When I was a kid, the word on the playground was that while the Super Nintendo could display more colors, the Genesis had better sound. Few games demonstrate the console’s superiority in that category better than Streets of Rage. With a brilliant techno soundtrack by Yuzo Koshiro, also known for scoring ActRaiser, The Revenge of Shinobi and Streets of Rage 2, the game is worth playing for the music alone.
You can choose from three characters, all ex-cops out to rid the city of an evil, criminal organization. The game spans 7 stages, starting in downtown Capital City, and ending in the bad guys’ headquarters. Like any good beat ’em up, the game allows for two player cooperative play.
By breaking garbage cans and telephone booths you can pick up bonus items like health power-ups, extra lives, and most importantly, weapons. Bats, pipes, knives, bottles, and perhaps the coolest, smoke bombs that stun your enemies. The bottles are also nice because after breaking them over your opponent’s head, you can stab them with the sharp stump that’s left over. You also get a limited number of calls to the police, who will show up in their car and, from a distance, fire rockets at your enemies.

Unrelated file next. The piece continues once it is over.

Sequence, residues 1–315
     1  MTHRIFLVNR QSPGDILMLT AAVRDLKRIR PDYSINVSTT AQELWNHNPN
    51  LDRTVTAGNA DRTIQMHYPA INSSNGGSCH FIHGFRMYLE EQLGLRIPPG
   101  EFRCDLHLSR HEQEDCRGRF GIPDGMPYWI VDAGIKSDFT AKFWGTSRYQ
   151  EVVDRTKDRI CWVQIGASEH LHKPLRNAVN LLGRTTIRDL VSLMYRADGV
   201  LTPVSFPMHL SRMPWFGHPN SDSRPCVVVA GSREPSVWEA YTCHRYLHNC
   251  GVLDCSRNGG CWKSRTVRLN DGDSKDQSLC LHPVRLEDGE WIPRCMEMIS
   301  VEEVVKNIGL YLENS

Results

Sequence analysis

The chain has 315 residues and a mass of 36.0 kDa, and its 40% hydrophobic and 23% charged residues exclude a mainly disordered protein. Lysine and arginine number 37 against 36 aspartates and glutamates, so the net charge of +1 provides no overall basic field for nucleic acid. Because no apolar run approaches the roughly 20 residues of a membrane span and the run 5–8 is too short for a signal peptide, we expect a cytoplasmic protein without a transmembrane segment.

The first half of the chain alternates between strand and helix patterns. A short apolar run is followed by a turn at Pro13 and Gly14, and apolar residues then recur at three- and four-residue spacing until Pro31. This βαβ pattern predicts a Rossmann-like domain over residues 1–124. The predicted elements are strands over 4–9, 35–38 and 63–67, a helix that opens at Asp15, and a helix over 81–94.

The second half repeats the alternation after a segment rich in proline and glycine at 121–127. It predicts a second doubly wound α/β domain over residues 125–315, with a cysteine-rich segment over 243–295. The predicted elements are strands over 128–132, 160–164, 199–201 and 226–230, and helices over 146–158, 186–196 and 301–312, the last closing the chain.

The game does have a few flaws, though. The player animations are a little bit too jerky, a lot of the sound effects are sub-par, and the graphics can be ugly in places, especially in stage 3. Overall however, the graphics look very good for an early Genesis title.
In terms of gameplay, Streets of Rage feels more like an 8-bit game than it does like later games from the genre on the Genesis and SNES. The game stands head-and-shoulders above most other beat ’em ups released prior to it, but it hasn’t aged well in comparison to subsequent beat ’em ups of the era, like Streets of Rage 2 and Batman Returns.